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Mature person holding their shoulder as if in pain.
Mature person holding their shoulder as if in pain.

What You Need to Know About Total Shoulder Replacement

Options for Arthritis or Severe Rotator Cuff Tears

Your shoulders are the most flexible and complex joints in your body — which means they’re also prone to injury.

There are many ways you can injure your shoulders, including fracture, sprain and dislocation. Most injuries can be treated with non-invasive methods like physical therapy and rest, but there are two common reasons why you may need a total shoulder replacement surgery:

  • Arthritis. Your joints are lined with cartilage, a connective tissue that protects your bones. If the cartilage of your shoulder wears down due to injury, age or an underlying autoimmune disease such as rheumatoid arthritis, the loss of cartilage can cause pain and reduced shoulder mobility. “I often tell my patients that arthritis makes your shoulder joint feel like a rusted out ball bearing,” says Tony J. Choi, MD, a shoulder and elbow surgeon at Northwestern Medicine. “It squeaks, it grinds, and it causes pain. The biggest issue patients face is that they don’t have mobility like they used to.”
  • A torn rotator cuff that can’t be repaired with standard rotator cuff surgery. Your rotator cuff is a group of muscles and tendons that allows you to move your shoulder. The standard surgery for a torn rotator cuff involves reattaching your rotator cuff tendon back to your upper arm bone. For severe rotator cuff injuries, this is not an option. In these cases, a special kind of total shoulder replacement called reverse shoulder replacement can relieve pain and restore function.

Types of Total Shoulder Replacement Surgery

Your shoulder joint is a “ball-in-socket” joint. The top of your humerus (upper arm bone) is rounded and sits in a socket called the glenohumeral joint.

A diagram showing two different shoulder replacement types, standard and reverse.

Standard Total Shoulder Replacement

In a standard total replacement surgery, orthopaedic surgeons remove the head of the humerus. Then, they replace it with a prosthetic. They also replace the cup of the glenohumeral joint with a prosthetic.

Reverse Total Shoulder Replacement Surgery

In a reverse total shoulder replacement surgery, used for severed rotator cuff injuries or in cases where the shoulder joint is severely deteriorated, surgeons flip your shoulder anatomy.

They screw a prosthetic ball into the glenohumeral socket joint and connect it to a prosthetic stem where the head of your humerus used to be. After surgery, your shoulder will function like normal, but you’ll use a different muscle to raise your arm overhead than you did before surgery.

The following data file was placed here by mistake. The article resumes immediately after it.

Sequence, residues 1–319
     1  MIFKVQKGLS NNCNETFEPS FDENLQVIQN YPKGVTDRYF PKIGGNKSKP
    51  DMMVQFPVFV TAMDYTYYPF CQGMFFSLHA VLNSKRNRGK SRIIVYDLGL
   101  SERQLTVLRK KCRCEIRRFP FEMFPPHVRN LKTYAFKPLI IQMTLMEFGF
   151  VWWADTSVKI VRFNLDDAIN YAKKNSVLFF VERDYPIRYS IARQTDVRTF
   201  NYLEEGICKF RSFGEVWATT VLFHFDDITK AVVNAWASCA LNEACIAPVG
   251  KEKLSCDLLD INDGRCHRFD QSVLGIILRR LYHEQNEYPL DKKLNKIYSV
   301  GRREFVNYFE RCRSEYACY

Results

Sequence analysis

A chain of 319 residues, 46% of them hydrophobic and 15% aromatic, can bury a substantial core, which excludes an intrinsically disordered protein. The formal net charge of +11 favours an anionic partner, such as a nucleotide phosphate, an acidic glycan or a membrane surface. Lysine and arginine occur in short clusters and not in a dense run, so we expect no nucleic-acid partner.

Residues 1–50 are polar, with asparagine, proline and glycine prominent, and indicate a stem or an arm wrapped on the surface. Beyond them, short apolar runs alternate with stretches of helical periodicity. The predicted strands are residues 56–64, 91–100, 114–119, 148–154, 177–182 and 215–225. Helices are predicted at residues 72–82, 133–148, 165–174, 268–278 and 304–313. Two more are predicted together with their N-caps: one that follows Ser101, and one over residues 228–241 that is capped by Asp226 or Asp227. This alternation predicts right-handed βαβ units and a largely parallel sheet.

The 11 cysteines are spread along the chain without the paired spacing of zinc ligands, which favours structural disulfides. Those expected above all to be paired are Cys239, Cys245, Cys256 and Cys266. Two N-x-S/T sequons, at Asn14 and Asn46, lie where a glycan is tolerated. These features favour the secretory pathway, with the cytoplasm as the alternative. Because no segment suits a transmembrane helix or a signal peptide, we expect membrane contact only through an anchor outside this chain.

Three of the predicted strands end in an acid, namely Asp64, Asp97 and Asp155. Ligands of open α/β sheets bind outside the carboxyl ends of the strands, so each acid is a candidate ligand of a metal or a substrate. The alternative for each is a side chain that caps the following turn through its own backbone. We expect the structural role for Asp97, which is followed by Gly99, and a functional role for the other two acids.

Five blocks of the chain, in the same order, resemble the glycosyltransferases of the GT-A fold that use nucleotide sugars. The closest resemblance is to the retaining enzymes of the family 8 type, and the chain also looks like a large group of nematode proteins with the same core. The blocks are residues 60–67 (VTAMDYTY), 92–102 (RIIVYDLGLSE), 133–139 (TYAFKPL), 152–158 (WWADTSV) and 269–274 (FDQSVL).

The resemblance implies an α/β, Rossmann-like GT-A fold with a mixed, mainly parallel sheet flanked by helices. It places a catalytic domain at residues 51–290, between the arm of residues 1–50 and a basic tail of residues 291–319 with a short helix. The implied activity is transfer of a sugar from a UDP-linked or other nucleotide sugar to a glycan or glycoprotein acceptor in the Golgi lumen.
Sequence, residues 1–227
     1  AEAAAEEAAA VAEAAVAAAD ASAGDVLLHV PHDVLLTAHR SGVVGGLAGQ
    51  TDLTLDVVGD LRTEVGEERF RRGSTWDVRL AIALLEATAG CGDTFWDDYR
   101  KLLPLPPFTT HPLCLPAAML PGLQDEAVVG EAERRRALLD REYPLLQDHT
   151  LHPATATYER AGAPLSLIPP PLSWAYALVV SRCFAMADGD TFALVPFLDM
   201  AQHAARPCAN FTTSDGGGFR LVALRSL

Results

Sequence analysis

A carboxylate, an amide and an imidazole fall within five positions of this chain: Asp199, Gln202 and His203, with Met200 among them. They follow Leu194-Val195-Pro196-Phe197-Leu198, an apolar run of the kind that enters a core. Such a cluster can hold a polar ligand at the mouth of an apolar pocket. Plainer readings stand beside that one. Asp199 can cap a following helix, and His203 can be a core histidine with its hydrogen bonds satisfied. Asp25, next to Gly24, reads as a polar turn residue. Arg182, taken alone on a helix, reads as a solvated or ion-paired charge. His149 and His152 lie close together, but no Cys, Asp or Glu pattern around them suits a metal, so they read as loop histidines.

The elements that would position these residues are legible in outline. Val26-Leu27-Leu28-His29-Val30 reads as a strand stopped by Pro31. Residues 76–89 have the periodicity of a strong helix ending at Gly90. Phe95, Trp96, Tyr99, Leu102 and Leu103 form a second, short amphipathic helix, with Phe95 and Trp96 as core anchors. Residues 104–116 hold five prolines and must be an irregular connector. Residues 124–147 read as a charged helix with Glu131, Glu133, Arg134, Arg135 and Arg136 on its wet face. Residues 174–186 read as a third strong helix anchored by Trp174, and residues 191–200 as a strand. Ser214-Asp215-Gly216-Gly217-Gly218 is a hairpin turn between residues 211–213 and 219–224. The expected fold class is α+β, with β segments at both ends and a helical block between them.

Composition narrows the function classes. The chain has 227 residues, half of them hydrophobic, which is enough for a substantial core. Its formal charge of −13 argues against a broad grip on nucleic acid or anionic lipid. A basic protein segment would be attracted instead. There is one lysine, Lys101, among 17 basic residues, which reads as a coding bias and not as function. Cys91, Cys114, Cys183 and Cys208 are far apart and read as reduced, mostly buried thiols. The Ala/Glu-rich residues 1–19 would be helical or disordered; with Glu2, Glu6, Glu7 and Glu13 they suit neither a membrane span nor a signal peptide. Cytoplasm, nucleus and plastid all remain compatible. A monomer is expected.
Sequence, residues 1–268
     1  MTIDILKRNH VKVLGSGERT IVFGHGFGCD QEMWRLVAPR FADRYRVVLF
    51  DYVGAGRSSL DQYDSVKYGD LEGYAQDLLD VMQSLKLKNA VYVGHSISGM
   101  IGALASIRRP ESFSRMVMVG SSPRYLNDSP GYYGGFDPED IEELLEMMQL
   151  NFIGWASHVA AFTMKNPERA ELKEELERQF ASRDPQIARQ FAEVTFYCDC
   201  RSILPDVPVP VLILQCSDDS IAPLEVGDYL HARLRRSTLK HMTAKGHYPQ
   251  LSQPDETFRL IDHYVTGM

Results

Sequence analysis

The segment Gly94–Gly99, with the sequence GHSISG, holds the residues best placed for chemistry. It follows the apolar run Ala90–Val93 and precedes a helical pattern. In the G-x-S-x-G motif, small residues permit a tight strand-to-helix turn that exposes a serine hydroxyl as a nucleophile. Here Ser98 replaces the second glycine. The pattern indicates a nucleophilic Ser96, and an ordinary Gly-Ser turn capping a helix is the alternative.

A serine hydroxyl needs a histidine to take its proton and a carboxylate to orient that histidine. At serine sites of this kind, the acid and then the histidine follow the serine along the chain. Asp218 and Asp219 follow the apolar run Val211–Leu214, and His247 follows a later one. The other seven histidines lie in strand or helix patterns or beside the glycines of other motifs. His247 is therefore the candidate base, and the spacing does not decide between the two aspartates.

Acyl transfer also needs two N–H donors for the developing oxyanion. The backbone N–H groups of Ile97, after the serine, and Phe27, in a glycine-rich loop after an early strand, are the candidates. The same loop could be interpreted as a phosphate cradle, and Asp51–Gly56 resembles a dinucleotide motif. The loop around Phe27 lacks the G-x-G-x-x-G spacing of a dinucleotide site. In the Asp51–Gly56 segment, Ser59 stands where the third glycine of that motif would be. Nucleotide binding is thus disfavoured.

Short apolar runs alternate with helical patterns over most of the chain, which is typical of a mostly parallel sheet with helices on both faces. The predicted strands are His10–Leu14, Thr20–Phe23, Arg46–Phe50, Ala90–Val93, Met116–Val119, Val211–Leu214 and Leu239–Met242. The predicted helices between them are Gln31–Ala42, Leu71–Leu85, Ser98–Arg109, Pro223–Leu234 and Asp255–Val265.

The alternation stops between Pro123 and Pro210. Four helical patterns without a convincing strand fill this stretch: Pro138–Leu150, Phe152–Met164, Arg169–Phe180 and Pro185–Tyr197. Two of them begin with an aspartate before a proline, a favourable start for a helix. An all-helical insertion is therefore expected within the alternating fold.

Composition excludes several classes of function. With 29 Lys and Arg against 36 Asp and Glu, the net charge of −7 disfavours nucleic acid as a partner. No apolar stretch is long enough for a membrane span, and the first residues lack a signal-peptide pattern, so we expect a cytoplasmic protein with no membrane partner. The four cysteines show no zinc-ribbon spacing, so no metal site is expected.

Advances in Total Shoulder Replacement Surgery

Dr. Choi has been doing shoulder replacement surgeries for more than 15 years, and he says that the outcomes for both standard shoulder replacement surgery and reverse total shoulder replacement surgery are typically very good. Both can be done in the hospital, but more often, the procedures are being done outpatient, meaning most patients can go home on the day of their surgery.

Dr. Choi also says that pain is often very minimal after shoulder replacement surgery. Most people experience mild pain where they had surgery, which they can manage with over-the-counter medications like ibuprofen or acetaminophen. Dr. Choi says that the accelerated recovery program at Northwestern Medicine can help reduce pain during recovery. He also attributes the often-minimal pain to the fact that many of the total shoulder prosthetics do not need a rod inserted down the humerus to place the ball joint.

Dr. Choi is also doing GPS-navigated shoulder replacement surgery, where he uses a CT scan and places computer tracking devices during surgery to help precisely position the prosthetic parts. This is typically done when a patient has significant shoulder deformity.

Deciding to Get a Total Shoulder Replacement

While there are non-surgical options for treating shoulder pain, such as cortisone, gel and biologic injections, the decision to get a total shoulder replacement is entirely up to you.

Recovery from total shoulder replacement takes about two to six months and often involves physical therapy.

It is also important to undergo a shoulder replacement with a surgeon who has advanced training in shoulder replacement surgery — a fellowship-trained shoulder and elbow surgeon — or a surgeon who performs a high volume of shoulder replacements and has a proven track record of success.

“A lot of my patients will reach a point where their shoulder pain and mobility are interfering with their life and they can’t do the things they want to do,” says Dr. Choi. “Cortisone injections only provide temporary relief, so I tell my patients that if they’re not able to enjoy life due to their shoulder, then we should have a more in-depth discussion about shoulder replacement surgery.”